Lefthandedness could implicate robber - KUAM.com-KUAM News: On Air. Online. On Demand.

Lefthandedness could implicate robber

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 by Krystal Paco

Guam - It was back in December two men allegedly robbed a Days Inn employee, stole his car, and opened fire at police in a high speed chase through Tamuning.

Once the two suspects came to a stop, they fled on foot prompting closure of parts of the central village and leaving dozens of law enforcement on a manhunt. But did police catch the wrong man?

While Irvin White III confessed to the crime, the second suspect, Tommy Afaisen, stands trial.

Did being left-handed result in Afaisen to be caught red-handed? Prosecution thinks so.

In closing arguments today, prosecutor Joe McDonald reminded jurors that the gunman caught on Days Inn surveillance footage was in fact left-handed, this from the hand in which he held the gun and the hand that the gunman grabbed the door.

In addition, prosecution alleges that being left-handed would've come to Afaisen's advantage sitting in the passenger seat of the stolen car as he fired at police in the 90 MPH chase through Tamuning. According to testimony from co-defendant Irvin White, White was the getaway driver while Afaisen was the passenger and shooter.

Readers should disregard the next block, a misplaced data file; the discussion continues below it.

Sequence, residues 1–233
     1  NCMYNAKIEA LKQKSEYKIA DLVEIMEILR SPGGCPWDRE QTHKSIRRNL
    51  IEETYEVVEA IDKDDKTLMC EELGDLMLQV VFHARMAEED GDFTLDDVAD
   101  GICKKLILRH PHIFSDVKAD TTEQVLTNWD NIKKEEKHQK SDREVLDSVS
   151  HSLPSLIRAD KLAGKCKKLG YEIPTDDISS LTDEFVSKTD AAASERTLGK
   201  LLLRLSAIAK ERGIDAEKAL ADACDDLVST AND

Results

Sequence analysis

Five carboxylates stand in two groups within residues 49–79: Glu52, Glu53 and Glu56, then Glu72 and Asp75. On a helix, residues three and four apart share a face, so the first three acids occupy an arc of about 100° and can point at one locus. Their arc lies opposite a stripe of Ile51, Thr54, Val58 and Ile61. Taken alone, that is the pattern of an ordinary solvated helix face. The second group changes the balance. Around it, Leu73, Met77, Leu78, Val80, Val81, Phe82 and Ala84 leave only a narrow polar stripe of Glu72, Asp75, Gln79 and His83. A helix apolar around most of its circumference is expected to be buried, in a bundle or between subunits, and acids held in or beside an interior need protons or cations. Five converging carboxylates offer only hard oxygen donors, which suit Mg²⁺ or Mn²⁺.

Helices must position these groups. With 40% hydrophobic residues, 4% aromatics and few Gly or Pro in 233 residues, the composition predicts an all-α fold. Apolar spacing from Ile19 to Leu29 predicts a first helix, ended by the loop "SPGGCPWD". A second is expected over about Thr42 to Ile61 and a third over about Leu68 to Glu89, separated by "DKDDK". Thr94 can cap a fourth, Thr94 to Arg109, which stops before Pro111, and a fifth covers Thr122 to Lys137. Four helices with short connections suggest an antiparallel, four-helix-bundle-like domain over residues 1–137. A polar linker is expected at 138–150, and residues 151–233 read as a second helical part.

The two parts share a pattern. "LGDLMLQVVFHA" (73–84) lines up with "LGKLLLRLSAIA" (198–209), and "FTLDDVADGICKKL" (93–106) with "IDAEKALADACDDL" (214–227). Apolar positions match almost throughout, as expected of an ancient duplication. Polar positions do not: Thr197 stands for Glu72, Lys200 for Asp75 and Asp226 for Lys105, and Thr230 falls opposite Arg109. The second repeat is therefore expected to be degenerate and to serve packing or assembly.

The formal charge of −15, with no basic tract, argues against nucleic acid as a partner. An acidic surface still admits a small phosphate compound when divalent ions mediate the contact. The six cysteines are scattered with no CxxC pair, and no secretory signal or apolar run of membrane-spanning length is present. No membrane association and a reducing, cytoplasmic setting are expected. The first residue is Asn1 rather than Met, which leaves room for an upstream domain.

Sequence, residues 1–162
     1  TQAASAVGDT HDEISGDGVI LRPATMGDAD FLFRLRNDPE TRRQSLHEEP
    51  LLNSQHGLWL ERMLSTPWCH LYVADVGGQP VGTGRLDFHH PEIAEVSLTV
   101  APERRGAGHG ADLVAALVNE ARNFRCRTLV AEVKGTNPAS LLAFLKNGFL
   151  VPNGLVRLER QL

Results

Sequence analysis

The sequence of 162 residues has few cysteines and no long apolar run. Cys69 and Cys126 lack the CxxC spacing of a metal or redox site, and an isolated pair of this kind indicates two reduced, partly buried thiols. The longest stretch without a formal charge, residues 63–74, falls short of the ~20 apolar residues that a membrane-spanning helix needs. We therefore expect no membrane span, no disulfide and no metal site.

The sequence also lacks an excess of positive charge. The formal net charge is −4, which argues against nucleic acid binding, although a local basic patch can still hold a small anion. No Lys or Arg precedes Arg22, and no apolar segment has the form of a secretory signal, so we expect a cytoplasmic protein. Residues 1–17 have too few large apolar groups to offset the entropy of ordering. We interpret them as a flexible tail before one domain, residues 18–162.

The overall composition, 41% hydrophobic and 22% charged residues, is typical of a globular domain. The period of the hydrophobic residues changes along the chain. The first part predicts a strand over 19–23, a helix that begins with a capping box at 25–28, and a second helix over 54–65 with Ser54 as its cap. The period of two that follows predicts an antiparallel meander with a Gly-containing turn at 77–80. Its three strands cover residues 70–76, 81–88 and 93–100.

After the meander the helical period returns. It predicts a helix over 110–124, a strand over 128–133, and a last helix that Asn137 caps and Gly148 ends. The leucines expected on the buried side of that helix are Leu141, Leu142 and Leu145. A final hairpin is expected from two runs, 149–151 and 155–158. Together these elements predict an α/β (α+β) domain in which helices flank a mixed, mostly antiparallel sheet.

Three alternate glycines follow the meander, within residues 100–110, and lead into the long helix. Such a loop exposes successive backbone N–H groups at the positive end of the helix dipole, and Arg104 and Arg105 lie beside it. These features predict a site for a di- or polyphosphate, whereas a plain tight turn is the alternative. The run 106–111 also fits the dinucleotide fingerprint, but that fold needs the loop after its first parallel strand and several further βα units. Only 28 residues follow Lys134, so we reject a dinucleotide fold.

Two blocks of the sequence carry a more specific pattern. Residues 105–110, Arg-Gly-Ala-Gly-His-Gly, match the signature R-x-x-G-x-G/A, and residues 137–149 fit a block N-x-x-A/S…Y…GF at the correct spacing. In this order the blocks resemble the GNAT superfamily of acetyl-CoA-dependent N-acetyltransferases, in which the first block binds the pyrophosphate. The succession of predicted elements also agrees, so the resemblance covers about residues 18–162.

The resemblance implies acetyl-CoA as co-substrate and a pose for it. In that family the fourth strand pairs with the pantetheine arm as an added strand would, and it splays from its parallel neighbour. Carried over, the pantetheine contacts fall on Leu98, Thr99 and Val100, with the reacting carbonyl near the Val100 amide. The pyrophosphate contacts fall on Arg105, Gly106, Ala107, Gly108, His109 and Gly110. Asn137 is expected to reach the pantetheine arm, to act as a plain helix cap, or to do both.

The accuracy of the shooter was evident as police testimony states the gunshots came as close as two-feet to their patrol car as they could hear "pop" and "whizzing" sounds.

But according to defense attorney Eric Miller, there's not enough evidence to convict Afaisen - that Afaisen was simply at the wrong place at the wrong time.

Defense proposes that Afaisen was homeless and sleeping in the abandoned Tamuning home when it was raided by police.

Defense also questioned the credibility of white, a man with an extensive criminal history who on the day of the robbery was under the influence of $100 worth of crystal methamphetamine.

As outlined by defense, white has plenty to gain in his global plea deal with the government.

Because he's testified against Afaisen, his alleged co-defendant, white would only serve 7.5 years behind bars verses 30 years if he didn't testify.

And with no fingerprints, no gun residue, no evidence found on Afaisen's person at the time of arrest, and most of all, no confession from Afaisen, defense requested that the jury find him not guilty of all charges of attempted murder, aggravated assault, robbery, theft of a motor vehicle, and terrorizing.

Afaisen's fate now rests with the jury as they began deliberations Thursday afternoon.
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